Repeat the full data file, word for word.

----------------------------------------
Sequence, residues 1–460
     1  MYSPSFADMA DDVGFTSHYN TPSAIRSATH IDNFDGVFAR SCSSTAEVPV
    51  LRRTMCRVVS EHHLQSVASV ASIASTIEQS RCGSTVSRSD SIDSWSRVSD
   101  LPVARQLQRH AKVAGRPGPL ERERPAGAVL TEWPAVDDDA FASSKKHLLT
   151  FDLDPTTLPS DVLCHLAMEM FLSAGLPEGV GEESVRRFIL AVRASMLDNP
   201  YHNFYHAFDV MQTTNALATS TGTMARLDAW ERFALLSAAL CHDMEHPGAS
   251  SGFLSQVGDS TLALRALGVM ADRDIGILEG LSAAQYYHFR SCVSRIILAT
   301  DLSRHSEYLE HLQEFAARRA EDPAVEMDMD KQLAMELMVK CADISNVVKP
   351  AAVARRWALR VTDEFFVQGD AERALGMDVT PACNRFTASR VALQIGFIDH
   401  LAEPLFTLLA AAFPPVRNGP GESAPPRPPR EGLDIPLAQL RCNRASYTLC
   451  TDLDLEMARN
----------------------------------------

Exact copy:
Sequence, residues 1–460
     1  MYSPSFADMA DDVGFTSHYN TPSAIRSATH IDNFDGVFAR SCSSTAEVPV
    51  LRRTMCRVVS EHHLQSVASV ASIASTIEQS RCGSTVSRSD SIDSWSRVSD
   101  LPVARQLQRH AKVAGRPGPL ERERPAGAVL TEWPAVDDDA FASSKKHLLT
   151  FDLDPTTLPS DVLCHLAMEM FLSAGLPEGV GEESVRRFIL AVRASMLDNP
   201  YHNFYHAFDV MQTTNALATS TGTMARLDAW ERFALLSAAL CHDMEHPGAS
   251  SGFLSQVGDS TLALRALGVM ADRDIGILEG LSAAQYYHFR SCVSRIILAT
   301  DLSRHSEYLE HLQEFAARRA EDPAVEMDMD KQLAMELMVK CADISNVVKP
   351  AAVARRWALR VTDEFFVQGD AERALGMDVT PACNRFTASR VALQIGFIDH
   401  LAEPLFTLLA AAFPPVRNGP GESAPPRPPR EGLDIPLAQL RCNRASYTLC
   451  TDLDLEMARN